# Structural relaxation

This section describes how to find the zero-Kelvin equilibrium atomic structure, given a starting structure with non-zero forces and/or stresses. CONQUEST can employ a variety of algorithms to minimise energy with respect to atomic positions, including: stabilised quasi-Newton method (SQNM); L-BFGS; conjugate gradients (CG); and damped molecular dynamics (both MDMin and FIRE approaches). The minimisation of energy or enthalpy with respect to cell vectors is restricted to conjugate gradients at present, though L-BFGS will be implemented.

Setting `AtomMove.WriteXSF T`

for all flavours of optimisation will dump the
trajectory to the file `trajectory.xsf`

, which can be visualised using VMD and XCrysDen.
Setting `AtomMove.AppendCoords T`

will append the structure at each step to `UpdatedAtoms.dat`

in the format of a
CONQUEST structure input.

For the SQNM, L-BFGS and conjugate gradients relaxations, the progress of the calculation can be
monitored by searching for the word `GeomOpt`

; grepping will print the
following:

```
$ grep GeomOpt Conquest_out
GeomOpt - Iter: 0 MaxF: 0.00329282 H: -0.14168571E+03 dH: 0.00000000
GeomOpt - Iter: 1 MaxF: 0.00331536 H: -0.14168995E+03 dH: 0.00424155
GeomOpt - Iter: 2 MaxF: 0.00350781 H: -0.14168997E+03 dH: 0.00001651
GeomOpt - Iter: 3 MaxF: 0.00504075 H: -0.14169161E+03 dH: 0.00164389
GeomOpt - Iter: 4 MaxF: 0.00725611 H: -0.14169172E+03 dH: 0.00010500
GeomOpt - Iter: 5 MaxF: 0.01134145 H: -0.14169329E+03 dH: 0.00157361
GeomOpt - Iter: 6 MaxF: 0.01417229 H: -0.14169385E+03 dH: 0.00056077
GeomOpt - Iter: 7 MaxF: 0.01434628 H: -0.14169575E+03 dH: 0.00190304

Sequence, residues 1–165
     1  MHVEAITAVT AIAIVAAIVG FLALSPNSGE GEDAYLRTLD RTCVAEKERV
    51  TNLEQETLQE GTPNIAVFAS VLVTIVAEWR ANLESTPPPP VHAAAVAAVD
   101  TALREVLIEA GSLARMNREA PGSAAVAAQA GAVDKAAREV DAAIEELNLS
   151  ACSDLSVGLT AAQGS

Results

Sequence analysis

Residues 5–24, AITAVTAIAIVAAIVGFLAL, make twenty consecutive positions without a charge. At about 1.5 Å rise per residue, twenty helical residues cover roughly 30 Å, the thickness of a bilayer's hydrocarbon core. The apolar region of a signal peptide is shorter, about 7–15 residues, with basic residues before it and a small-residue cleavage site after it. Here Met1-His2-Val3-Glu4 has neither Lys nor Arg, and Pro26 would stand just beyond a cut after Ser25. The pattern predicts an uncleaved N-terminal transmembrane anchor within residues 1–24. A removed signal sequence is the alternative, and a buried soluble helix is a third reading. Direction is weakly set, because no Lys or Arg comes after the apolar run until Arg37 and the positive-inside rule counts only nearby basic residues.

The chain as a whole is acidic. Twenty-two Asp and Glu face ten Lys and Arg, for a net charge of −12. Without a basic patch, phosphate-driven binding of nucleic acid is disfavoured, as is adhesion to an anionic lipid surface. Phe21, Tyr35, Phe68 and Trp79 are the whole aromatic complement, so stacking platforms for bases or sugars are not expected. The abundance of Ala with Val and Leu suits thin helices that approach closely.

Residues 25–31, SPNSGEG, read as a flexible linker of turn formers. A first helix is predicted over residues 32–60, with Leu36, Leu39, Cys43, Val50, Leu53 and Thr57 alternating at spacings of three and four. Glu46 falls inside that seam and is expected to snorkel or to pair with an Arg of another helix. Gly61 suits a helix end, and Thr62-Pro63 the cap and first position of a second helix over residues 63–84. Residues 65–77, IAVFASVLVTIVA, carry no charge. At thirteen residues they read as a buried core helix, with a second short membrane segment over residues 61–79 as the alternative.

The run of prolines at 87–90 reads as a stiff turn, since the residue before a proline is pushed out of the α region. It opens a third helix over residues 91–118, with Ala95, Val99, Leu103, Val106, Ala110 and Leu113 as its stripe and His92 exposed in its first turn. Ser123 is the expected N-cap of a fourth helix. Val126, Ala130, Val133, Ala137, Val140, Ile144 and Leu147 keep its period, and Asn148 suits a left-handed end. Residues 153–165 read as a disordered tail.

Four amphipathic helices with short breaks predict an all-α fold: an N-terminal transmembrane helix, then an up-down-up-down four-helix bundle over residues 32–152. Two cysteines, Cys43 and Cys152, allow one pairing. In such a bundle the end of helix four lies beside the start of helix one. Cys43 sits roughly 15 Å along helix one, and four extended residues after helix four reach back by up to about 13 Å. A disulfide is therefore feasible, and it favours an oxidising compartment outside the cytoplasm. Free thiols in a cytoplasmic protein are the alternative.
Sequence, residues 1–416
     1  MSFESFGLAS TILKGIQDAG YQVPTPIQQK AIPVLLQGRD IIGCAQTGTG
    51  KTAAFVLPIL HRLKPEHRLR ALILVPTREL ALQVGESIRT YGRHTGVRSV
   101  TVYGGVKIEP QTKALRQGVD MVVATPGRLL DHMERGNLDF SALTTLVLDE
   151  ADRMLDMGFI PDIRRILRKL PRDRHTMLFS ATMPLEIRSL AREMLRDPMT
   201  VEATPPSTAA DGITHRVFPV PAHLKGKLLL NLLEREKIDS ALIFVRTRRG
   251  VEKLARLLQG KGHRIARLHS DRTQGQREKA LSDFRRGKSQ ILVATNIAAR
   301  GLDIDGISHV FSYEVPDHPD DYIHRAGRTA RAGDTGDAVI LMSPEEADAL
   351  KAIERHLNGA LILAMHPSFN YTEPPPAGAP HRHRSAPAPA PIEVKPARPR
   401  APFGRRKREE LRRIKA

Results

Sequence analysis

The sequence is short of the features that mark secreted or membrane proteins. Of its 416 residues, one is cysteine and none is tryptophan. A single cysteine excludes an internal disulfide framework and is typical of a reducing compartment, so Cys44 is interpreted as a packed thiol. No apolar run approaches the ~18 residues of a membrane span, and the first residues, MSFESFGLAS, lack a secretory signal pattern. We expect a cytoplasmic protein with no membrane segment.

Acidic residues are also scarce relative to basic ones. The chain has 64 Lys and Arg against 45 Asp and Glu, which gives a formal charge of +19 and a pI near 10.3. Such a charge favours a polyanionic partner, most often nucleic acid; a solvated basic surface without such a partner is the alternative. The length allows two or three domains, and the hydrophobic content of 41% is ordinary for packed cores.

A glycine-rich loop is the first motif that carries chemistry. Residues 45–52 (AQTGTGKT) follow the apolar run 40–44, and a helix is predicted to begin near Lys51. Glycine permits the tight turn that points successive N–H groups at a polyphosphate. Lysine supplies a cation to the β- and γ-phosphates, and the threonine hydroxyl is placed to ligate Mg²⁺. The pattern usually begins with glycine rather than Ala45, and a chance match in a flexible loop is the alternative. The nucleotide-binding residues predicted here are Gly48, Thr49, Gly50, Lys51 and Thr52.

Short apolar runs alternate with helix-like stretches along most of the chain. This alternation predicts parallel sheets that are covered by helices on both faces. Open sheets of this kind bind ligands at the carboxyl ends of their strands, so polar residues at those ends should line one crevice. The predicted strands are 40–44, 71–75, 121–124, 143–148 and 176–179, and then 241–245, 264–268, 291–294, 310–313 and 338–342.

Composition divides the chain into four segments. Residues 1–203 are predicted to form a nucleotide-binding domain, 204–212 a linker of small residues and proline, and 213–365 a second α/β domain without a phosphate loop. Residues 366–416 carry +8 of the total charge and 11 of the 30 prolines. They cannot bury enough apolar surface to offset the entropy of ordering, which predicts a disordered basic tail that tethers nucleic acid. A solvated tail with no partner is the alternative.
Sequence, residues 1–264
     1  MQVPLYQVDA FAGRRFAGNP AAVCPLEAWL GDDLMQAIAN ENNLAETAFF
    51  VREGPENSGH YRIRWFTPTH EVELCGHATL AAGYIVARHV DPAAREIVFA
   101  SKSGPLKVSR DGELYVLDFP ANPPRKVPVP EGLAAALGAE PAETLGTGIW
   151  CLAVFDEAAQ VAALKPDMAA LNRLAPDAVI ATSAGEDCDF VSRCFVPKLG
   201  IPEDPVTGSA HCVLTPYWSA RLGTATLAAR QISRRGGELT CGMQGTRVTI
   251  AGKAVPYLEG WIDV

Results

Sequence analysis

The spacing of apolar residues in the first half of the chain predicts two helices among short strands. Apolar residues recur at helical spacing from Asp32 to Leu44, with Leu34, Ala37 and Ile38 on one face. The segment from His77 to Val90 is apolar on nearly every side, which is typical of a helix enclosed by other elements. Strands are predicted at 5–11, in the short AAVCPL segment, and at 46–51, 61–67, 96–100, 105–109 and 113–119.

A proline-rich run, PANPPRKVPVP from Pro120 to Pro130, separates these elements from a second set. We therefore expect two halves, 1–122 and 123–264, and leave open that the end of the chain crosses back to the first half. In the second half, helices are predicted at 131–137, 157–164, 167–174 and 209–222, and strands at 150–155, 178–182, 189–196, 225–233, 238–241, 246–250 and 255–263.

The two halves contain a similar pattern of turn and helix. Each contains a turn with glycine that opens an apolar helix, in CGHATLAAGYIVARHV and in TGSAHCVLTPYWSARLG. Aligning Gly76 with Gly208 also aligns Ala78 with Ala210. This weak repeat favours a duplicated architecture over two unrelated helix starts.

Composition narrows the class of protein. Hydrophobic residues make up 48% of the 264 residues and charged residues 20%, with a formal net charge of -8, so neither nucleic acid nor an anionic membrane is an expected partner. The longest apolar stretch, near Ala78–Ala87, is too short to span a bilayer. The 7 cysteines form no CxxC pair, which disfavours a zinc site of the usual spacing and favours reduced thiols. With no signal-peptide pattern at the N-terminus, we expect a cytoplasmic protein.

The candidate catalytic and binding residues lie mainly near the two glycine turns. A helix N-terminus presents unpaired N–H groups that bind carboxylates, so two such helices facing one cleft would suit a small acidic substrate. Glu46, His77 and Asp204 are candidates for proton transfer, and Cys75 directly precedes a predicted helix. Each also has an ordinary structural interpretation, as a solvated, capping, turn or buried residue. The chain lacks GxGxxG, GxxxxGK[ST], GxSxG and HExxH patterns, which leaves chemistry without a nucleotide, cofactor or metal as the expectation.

GeomOpt - Iter: 8 MaxF: 0.01711197 H: -0.14170001E+03 dH: 0.00425400
GeomOpt - Iter: 9 MaxF: 0.02040556 H: -0.14170382E+03 dH: 0.00381110
GeomOpt - Iter: 10 MaxF: 0.01095167 H: -0.14170752E+03 dH: 0.00370442
```

In this example, MaxF is the maximum single force component, H is the enthalpy and dH is the change in enthalpy.

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## Ionic relaxation

To optimise the ionic positions with respect to the DFT total energy, the following flags are essential:

```
AtomMove.TypeOfRun sqnm
AtomMove.MaxForceTol 5e-4
AtomMove.ReuseDM T
```

The parameter `AtomMove.TypeOfRun`

can take the values `sqnm`

, `lbfgs`

or
`cg`

for iterative optimisation. All three algorithms are robust and
relatively efficient in most instances; SQNM [SR1] is recommended in most cases,
though if the initial forces are large it may be worth performing quenched
MD to reduce them (see below) before applying SQNM. The
parameter `AtomMove.MaxForceTol`

specifies the force
convergence criterion in Ha/bohr, i.e. the calculation will terminate
when the largest force component on any atom is below this value.
The parameter
`AtomMove.ReuseDM`

specifies that the density matrix (the K-matrix for
diagonalisation or L-matrix for O(N) calculations) from the
previous step will be used as an initial guess for the SCF cycle after
propagating the atoms; this should generally decrease the number of SCF cycles
per ionic step. When using CG, the line minimiser can be chosen: `safe`

uses a robust though sometimes slow line minimiser; `backtrack`

uses a simple back-tracking line minimiser (starting with a step size of 1 and reducing if necessary to ensure the energy goes down); `adapt`

uses an adaptive back-tracking line minimiser (which increases the starting step size if the energy goes down on the first step). In many cases the back-tracking line minimiser is more efficient, though the efficiency of the adaptive approach varies with problem.